In Nicole’s blog, she talks about running when most of all the sprinters and experienced runners had taken off, leaving the slow runners behind. She talks about running on the sidewalk because the police had open the streets to cars again. She talks about passing empty water stations because the helpers had packed up to go home. And she talks about how despite that, she kept on running. She had made it her goal to finish the course, no matter what place she came in.

It’s not like I have writer’s block that keeps me from working on Willow. While it feels like I’m chipping away at each chapter, paragraph by paragraph, what emerges from all that chipping is some real good storytelling. I’m taking time to think through the logistics: atmosphere, description, believable action. It helps that I’m not in a hurry. Yes, there are times when I get frustrated. I feel that I should be further along.  Here it is getting into November and I only just now finished introducing all the players and starting the dive into the story itself…

But wait…I lie. That last line didn’t feel me with frustration at all. It filled me with glee. It’s got me rubbing my hands in anticipation. I want to see the book to the end, and the thing is, I’m enjoying what I’m writing. It’s not like it’s turned into a thing I have to slog into. This week, I’m putting in the details of a palace that’s based on African architecture. Do you know how much fun it is doing that?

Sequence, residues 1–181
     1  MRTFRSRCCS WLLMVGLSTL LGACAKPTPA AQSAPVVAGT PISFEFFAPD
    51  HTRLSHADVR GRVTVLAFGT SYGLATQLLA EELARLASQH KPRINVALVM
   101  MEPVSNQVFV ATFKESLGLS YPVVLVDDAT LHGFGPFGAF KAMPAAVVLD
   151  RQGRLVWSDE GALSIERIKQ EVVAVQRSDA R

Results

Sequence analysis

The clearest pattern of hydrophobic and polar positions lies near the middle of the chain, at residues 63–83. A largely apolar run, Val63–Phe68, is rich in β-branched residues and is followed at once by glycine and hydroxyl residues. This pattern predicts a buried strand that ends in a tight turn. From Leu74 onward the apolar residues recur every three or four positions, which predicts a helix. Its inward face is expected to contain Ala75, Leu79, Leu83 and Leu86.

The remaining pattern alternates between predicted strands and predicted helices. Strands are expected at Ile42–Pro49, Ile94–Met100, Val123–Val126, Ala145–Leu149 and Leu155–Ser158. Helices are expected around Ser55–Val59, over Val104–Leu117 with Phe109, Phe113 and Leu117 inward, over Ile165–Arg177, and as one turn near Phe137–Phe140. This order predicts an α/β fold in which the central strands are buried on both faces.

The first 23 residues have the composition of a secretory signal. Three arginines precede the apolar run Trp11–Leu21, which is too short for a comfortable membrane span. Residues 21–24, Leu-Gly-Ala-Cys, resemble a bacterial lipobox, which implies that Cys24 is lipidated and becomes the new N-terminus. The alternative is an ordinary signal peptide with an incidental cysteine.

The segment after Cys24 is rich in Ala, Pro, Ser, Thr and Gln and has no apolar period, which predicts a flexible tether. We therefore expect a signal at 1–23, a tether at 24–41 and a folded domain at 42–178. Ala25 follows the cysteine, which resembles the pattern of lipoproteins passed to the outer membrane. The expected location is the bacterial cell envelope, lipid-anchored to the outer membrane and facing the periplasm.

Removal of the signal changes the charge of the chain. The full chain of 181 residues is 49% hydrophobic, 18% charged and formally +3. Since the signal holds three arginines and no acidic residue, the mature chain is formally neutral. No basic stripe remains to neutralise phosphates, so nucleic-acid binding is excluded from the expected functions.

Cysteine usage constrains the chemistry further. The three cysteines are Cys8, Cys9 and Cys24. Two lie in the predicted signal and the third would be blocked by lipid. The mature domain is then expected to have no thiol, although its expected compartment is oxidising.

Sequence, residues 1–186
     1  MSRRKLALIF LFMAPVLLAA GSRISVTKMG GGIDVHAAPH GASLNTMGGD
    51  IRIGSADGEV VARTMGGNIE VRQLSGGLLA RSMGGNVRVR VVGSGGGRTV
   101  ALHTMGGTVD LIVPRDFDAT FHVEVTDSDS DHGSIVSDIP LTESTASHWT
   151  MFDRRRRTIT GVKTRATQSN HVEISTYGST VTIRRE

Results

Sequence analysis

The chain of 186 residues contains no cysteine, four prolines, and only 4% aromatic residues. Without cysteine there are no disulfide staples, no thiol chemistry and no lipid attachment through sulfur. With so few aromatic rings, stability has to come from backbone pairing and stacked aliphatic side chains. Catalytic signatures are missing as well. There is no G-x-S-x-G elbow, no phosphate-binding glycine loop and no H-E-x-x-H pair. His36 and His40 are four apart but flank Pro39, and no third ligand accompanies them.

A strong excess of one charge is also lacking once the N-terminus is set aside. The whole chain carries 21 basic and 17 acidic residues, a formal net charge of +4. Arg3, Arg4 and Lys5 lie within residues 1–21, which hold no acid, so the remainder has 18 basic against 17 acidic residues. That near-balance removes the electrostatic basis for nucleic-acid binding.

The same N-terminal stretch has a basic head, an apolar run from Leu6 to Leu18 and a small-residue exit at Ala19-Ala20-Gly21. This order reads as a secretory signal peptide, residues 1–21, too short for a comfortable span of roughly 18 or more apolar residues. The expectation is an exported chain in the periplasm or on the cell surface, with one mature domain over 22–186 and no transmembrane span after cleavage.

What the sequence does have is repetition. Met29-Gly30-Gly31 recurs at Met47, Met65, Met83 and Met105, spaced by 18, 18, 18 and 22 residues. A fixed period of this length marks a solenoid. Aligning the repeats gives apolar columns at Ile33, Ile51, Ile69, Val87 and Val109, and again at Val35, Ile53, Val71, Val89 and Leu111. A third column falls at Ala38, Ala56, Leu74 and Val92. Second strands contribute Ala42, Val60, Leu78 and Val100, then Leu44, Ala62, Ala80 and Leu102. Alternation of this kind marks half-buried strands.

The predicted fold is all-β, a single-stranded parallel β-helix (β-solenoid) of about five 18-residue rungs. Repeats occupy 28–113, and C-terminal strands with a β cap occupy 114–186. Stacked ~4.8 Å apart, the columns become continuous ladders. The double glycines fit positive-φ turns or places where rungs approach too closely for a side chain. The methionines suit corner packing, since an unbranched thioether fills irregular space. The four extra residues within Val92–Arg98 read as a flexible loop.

So yes, I’m going slow. But it’s okay. My goal is not to write fast. My goal is to write Willow and finish, so that’s what I’m going to do. And for all you NaNoWriMo writers out there who feel like you’re flagging, like you can’t keep up with the daily word count, ask yourself this: did I sign up for this just to write anything, or did I promise myself to write and finish a novel?

If it’s the latter, then congratulations. You got yourself a goal. Now just keep writing until you reach it. Oh, and thanks Nicole for re-inspiring me. Now if you don’t mind, I got some writing to do!

LINKS…OF…INTEREST! (Interest…Interest…interest…)

This post is dedicated to Futurama, which just got a deal for 26 new episodes on Comedy Central. Sweet!

As you noticed, this blog’s got a spiffy new look, and I’ve been making small improvements (like the new Twitter feed). What spurred on these changes? I’m subscribed to the website "31 Days to Build a Better Blog." If you sign up on the email list, you get an email once a day that gives you great tips on how to improve your blog. Some of the tips deal with cosmetic issues and housekeeping, making sure your links are up to donate. But it also gives tips on making your presence known on other blogs and forums to bring more readers to your site. And best of all, if the emails get to be too much, you can always save the emails to do the tips at your own pace. There are also great tips shared in the comments section and in the forums. For those of you who want to become bloggers, or if you’ve hit a plateau and don’t know how to bring new readers to your site, this is a great email list to be on.

Having just attended Oddcon and Wiscon, I found this article in Strange Horizons called "Let’s Stop Conning Ourselves" by Patience Wieland which talk about cons that aren’t as successful, and what the con world in general can learn from these failures. I liked it because near the end it lists some good advice getting the most out of attending a con, and how to avoid being scammed.